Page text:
ARTIST BIO: Aqjangajuk Shaa was born in 1937 and has been a leading figure in the Cape Dorset arts community since the 1960s. His mother was an artist and his grandfather a respected artist and shaman. Aqjangajuk’s figures, both male and female, are often sculpted with large muscles, heroic postures, and energetic poses. His most common subjects are hunters, drum dancers, spirit creatures, and animals, such as polar bears, caribou, and birds. Always balanced and expressive, the drama of Aqjangajuk’s sculptures invite viewers to participate in the actions and stories of his artworks.

ARTIST: Simon Kasudluak, Inukjuak Sculptor

TITLE OF ARTWORK: Woman, Child and Otter

DESCRIPTION OF ARTWORK: In this sculpture, a woman strides forward, with a child settled carefully in the large hood of her parka, called an amauti, and with an otter secured under her arm. Her hair is braided and her features have been rendered with careful attention to detail and expression.

ARTIST BIO: Simon Kasudluak was born in 1925. His sister was the wife of Inuit carver Abraham Nastapoka. Abraham was a leader and hunter, as well as a carver, and his camp, located south of Inukjuak, was home to creative group of stone carvers in the 1950s and 1960s. Simon’s work covers diverse subject matter, from activities of daily life to marine and land animals.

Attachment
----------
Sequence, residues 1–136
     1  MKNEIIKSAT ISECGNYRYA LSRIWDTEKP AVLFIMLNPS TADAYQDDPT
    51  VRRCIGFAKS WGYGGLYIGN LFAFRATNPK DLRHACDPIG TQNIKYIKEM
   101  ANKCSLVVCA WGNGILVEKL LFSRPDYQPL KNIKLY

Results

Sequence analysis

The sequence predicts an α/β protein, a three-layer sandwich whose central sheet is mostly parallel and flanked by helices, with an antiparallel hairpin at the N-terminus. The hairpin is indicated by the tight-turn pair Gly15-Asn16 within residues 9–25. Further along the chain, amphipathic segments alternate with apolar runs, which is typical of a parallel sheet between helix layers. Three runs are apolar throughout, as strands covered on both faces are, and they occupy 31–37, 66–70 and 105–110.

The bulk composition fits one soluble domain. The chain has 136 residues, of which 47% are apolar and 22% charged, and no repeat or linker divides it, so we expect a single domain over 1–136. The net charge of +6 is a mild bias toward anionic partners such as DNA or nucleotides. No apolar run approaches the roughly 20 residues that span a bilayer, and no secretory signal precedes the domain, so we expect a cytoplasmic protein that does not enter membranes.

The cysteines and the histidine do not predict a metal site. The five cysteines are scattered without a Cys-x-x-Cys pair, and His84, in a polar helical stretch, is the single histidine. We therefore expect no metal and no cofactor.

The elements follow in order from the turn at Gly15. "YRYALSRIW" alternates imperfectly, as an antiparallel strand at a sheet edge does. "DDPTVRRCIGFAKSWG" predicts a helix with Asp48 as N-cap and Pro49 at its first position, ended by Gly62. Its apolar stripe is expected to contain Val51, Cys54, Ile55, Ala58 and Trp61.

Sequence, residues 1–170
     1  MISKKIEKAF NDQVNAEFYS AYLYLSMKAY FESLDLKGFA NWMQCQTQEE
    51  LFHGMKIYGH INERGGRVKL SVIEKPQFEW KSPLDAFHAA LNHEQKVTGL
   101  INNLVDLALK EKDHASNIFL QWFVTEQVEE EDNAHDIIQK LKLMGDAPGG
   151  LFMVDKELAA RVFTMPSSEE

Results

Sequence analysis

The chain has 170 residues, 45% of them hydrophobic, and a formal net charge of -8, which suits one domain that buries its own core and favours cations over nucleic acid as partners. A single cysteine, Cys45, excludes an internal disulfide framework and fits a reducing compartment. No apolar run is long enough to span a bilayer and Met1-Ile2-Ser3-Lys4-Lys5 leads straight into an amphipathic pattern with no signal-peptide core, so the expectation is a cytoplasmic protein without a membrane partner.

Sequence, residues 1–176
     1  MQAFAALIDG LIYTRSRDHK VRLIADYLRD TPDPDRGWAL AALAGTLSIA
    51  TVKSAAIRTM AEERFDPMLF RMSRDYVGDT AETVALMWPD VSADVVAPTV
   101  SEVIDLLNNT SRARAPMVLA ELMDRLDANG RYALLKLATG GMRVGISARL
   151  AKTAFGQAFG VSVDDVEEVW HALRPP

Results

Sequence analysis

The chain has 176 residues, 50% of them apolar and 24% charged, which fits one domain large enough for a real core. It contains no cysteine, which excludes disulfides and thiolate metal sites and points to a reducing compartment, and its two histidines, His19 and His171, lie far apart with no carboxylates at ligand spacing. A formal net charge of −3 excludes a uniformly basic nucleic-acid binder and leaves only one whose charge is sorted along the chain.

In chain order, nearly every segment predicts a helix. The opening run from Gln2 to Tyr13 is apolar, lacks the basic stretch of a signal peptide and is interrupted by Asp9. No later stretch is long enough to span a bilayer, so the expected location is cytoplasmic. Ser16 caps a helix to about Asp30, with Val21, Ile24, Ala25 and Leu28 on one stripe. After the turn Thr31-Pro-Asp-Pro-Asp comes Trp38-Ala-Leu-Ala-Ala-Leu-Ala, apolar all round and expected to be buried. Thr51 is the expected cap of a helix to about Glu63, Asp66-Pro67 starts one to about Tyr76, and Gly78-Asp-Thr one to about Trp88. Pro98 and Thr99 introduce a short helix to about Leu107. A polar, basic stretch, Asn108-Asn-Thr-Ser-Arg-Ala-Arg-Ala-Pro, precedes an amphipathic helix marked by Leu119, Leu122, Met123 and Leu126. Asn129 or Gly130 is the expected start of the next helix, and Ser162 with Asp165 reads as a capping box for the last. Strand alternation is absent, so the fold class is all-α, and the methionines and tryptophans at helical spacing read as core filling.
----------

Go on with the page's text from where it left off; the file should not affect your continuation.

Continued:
STOP 4: Don’s Photo, 410 Portage Avenue

renataARTIST: Renata Meconse


DESCRIPTION OF ARTWORK: Aniin means hello, or greetings, and can also be used to say welcome. Several years ago, Renata was out with her father and saw a welcome sign made with wood and mixed media. She daydreamed about making this in First Nations languages, and finally completed her first one. Her acrylic painting of flowers is based on First Nations and Métis bead work.

ARTIST BIO: Renata Meconse is an Anishinaabe-Ikwe from Pinaymootang First Nation (Treaty No. 2 Territory) who has lived in Winnipeg most of her life. She is a proud mother of three, who has had the honour of working with First Nations communities in the field of communications and community outreach. Creatively, Renata has always loved drawing and painting, and has been inspired from Anishinaabe (Ojibway) artists throughout Manitoba and Ontario. She is very appreciative and honoured to be one of the artists featured in Winnipeg’s Indigenous Artwalk.

STOP 5: Marvel Beauty School, 404 Portage Avenue

leonardARTIST: Leonard Bighetty
**Red Road Lodge artist**


DESCRIPTION OF ARTWORK: Deja View is a reflective scene that serenely captures the warmth of the days welcome to night’s restful sleep.